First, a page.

SECTION V. - Character of organization proposed.
The researches and investigations of the Commission have not yet been sufficiently extended and thorough to justify them in suggesting a definite system for the ultimate solution of one of the gravest social problems ever presented to a Government. Certain measures, however, are, in the present emergency, evidently demanded, not merely from considerations of common humanity to alleviate the sufferings caused to non-combatant laborers by the forced derangement of industry consequent upon military invasion, but also in virtue of the fact that a great and radical industrial and domestic change, every hour in progress, and ultimately involving the eradication of a labor system which has been the growth of more than two centuries, needs, for a time to which we cannot yet assign a definite limit, to be, to a certain extent, facilitated and directed by governmental assistance and control. The two labor systems, namely, that of enforced slave labor and that of free compensated labor, are, in spirit and result, so thoroughly at variance that the change from the one to the other by four millions of people cannot safely be left undirected and uncared for, to work itself out, drifting on at haphazard, according to the chance shifting of the current of daily events. The transition has not yet so far proceeded, nor have its effects so fully developed themselves as to supply reliable data whereupon to base a judgment as to the exact extent or duration of the guardianship which the new freedmen may require.
The system of apprenticeship in the English West Indies appears to have worked badly, and was terminated before the time originally fixed by law, but the defect may have been to a certain extent in its details, as to all which the Commission hope hereafter to be able satisfactorily to report. The question remains open whether and how soon the American-freedman, with the dependence engendered by the slave system still clinging to him, and, what is worse, weighted down in his efforts to rise by that prejudice which prompts men to despise whoever has long been their inferior, will be able peacefully to maintain his new rights and to protect himself against undue ascendency and imposition from the white man. Coming into competition with another race, one among the most energetic in the world, for the first time in the history of our country, on something like equal terms, will he if left to himself be overborne and crushed? And if he should be, will he bear it as patiently in his capacity of freedman as he has borne it under subjection as a slave?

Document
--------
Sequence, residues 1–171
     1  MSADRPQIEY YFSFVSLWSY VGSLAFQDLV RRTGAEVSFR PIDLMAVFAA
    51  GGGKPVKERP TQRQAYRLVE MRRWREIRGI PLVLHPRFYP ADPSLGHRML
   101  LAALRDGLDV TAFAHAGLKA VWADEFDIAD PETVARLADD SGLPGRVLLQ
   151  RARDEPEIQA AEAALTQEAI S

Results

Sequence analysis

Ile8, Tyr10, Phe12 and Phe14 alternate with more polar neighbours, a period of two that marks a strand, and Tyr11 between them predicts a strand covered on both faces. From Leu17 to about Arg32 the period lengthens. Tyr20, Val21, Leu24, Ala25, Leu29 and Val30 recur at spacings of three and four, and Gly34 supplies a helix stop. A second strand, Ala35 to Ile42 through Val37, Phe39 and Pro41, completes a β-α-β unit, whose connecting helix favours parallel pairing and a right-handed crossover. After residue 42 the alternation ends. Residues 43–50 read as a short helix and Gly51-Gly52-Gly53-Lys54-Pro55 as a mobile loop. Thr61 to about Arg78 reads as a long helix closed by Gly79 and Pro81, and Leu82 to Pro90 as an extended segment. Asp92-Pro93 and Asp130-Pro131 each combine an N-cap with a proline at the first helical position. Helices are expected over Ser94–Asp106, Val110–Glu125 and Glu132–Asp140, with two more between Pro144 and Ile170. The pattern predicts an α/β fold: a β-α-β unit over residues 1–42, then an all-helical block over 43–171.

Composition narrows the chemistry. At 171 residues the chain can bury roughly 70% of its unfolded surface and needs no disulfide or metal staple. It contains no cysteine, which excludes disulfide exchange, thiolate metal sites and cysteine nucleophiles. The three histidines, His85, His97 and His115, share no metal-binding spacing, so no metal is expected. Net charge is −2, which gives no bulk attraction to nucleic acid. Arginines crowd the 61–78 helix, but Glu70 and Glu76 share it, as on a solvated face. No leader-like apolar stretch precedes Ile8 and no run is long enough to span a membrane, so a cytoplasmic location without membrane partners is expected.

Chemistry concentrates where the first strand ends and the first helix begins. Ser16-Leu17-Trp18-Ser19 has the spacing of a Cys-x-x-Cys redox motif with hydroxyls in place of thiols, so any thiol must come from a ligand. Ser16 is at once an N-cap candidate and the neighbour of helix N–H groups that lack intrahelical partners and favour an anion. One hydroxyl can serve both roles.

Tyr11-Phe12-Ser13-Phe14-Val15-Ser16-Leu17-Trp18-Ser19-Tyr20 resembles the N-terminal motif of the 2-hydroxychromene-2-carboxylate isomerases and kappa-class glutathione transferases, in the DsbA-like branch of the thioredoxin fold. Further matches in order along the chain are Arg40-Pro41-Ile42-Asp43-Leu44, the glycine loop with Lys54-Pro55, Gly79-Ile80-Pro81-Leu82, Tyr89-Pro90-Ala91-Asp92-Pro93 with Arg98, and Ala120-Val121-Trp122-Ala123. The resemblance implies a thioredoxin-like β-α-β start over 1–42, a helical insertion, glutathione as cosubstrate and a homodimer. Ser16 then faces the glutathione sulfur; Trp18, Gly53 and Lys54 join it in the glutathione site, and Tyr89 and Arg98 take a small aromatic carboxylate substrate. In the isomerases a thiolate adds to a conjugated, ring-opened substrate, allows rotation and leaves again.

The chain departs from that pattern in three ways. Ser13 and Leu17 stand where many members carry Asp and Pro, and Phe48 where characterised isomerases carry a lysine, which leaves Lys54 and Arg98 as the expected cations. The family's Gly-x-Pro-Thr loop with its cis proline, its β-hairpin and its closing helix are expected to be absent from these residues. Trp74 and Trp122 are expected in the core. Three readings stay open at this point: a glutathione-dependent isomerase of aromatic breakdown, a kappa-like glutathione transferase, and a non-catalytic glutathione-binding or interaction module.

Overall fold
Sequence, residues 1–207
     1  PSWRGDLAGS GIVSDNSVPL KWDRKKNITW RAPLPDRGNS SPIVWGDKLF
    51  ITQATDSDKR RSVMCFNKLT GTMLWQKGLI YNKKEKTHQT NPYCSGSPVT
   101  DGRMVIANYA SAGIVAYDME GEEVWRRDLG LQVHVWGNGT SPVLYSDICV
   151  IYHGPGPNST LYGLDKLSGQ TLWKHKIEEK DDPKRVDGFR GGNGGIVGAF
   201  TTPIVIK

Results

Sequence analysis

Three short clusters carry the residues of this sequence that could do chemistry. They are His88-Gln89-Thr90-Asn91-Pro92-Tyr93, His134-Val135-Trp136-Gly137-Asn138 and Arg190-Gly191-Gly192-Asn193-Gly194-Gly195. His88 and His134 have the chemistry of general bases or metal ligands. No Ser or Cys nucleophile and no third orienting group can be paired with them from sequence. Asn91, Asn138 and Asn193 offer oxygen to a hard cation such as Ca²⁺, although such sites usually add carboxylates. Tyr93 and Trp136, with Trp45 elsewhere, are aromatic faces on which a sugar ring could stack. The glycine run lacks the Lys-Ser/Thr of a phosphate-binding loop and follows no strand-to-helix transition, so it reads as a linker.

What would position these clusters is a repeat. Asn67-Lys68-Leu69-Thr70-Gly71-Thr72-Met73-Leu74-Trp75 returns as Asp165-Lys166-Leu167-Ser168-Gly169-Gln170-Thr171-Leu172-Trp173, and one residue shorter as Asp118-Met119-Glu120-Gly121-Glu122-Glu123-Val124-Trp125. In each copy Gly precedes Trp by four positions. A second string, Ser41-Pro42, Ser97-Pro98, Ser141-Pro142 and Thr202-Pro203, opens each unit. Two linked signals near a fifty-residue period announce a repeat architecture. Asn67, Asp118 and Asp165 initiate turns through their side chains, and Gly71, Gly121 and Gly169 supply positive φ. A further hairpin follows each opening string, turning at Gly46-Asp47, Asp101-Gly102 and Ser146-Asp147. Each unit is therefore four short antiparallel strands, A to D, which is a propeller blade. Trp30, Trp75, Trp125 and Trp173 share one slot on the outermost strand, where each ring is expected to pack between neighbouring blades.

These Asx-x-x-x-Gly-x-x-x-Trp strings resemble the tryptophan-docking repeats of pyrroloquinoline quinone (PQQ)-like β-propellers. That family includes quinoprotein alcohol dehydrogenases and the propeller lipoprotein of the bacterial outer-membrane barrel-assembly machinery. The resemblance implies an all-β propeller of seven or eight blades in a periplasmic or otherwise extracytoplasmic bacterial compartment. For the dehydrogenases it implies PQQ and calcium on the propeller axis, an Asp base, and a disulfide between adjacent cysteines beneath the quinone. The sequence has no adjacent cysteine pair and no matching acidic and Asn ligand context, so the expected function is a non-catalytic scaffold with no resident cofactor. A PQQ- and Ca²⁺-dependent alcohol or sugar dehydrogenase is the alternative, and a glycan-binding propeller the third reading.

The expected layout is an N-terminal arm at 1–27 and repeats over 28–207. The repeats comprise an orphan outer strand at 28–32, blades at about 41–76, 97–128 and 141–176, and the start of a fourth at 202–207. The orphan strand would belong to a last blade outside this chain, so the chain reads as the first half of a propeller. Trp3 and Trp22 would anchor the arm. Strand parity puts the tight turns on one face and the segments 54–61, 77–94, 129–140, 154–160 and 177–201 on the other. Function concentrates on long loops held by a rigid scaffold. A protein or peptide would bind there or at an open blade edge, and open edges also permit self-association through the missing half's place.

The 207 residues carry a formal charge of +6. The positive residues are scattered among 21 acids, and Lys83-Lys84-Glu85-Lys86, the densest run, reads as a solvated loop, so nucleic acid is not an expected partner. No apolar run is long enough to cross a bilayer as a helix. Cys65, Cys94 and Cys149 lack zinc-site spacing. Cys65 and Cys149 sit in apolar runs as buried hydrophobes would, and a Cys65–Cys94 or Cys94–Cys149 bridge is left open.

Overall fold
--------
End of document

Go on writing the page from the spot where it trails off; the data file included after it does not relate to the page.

On one point the Commission are already agreed, namely, that a scheme of guardianship or protection for one race of men against another race inhabiting the same country cannot become a permanent institution. If the necessity for the constant operation of such a scheme could be proved, the proof would amount to this, that the two races cannot in perpetuity inhabit the same country at all, and that the one must ultimately give way to the other.
The Commission, therefore, adopt the opinion that all special governmental measures, particularly those involving continuous expenditure, whether for the relief of poor Southern whites or of poor refugee blacks, or for the guardianship of such refugees, should be more or less temporary in their character, and should be prepared and administered in that idea and intent.
In this view of the case, the Commission state with satisfaction that in the course of their inquiries they have found unmistakable indica